Sept. 7 (Bloomberg) -- Oppenheimer & Co. Chief Investment Strategist Brian Belski cut his 2010 and 2011 estimates for the Standard & Poor’s 500 Index, becoming at least the third strategist in two weeks to reduce his outlook on U.S. stocks.
The benchmark for American equities may end the year at 1,225, Belski said, a gain of 11 percent in the next four months from its Sept. 3 close. He had earlier predicted an advance to 1,300. Birinyi Associates Inc.’s Laszlo Birinyi lowered his 2010 projection to 1,225 from 1,325 on Aug. 26, and Barry Knapp, of Barclays Plc, trimmed his estimate to 1,120 from 1,210 on Aug. 27.
“We have to be realistic and acknowledge that the pace of recent economic data has been weaker than we would have expected,” Belski said in a research note. “The deceleration of important economic indicators recently cannot be ignored.”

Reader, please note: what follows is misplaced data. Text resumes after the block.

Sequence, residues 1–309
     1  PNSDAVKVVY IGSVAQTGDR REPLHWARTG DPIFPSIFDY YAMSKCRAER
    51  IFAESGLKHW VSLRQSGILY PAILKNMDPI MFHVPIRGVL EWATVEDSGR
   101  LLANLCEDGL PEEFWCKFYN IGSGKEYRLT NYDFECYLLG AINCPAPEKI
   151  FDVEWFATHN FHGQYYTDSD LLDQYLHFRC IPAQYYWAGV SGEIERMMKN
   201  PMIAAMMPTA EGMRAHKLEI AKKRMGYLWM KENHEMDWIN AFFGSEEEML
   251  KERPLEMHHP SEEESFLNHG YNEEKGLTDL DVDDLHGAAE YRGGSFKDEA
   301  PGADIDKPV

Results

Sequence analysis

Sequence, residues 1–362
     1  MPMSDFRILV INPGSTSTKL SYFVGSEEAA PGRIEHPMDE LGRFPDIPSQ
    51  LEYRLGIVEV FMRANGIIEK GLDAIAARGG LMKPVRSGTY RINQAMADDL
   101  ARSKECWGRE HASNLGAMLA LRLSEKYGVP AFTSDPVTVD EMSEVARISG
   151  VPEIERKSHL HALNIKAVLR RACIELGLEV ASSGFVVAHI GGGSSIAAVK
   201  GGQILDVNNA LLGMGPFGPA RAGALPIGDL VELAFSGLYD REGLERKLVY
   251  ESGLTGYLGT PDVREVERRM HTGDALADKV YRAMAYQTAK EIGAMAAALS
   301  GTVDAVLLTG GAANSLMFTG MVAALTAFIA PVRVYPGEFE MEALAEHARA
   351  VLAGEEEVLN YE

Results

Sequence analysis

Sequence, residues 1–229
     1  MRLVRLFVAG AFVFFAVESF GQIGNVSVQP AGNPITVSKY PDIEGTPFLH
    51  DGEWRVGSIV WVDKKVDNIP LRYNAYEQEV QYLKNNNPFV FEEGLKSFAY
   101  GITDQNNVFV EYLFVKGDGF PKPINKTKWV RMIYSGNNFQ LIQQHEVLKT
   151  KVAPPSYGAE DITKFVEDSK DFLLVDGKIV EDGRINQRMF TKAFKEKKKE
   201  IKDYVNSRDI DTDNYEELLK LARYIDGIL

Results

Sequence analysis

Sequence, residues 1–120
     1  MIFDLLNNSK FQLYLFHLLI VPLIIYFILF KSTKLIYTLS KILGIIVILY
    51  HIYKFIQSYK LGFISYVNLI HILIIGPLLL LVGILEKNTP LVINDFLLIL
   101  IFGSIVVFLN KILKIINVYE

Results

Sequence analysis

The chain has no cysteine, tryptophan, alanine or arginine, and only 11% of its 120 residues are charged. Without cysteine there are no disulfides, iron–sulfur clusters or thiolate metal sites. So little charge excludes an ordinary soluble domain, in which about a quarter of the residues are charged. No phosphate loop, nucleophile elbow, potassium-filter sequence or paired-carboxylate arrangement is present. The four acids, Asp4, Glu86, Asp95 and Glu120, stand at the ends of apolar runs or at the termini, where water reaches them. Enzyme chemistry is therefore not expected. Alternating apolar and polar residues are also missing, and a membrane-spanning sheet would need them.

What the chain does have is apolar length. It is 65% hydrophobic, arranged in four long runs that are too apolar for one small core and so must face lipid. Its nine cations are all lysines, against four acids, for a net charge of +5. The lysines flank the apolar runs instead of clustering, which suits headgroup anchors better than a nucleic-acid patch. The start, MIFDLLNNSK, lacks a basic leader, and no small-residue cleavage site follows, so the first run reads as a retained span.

The S&P 500 has tumbled 9.3 percent since April 23 after Europe’s debt crisis and U.S. economic reports ranging from home sales to employment raised concern the economy may fall into a recession. Oppenheimer predicts the index may rally through the rest of 2010 as rising corporate profits lead investors back to stocks.
The average S&P 500 forecast from 12 Wall Street strategists tracked by Bloomberg shows the index may gain 9 percent and finish 2010 at 1,204. That’s down from a previous estimate of 1,242 at the beginning of August.
Belski, who is based in New York, also cut his 2011 estimate for the S&P 500 to 1,300 from 1,350. He maintained his earnings forecasts for the index at $78.50 a share for 2010 and $84.50 a share for 2011.
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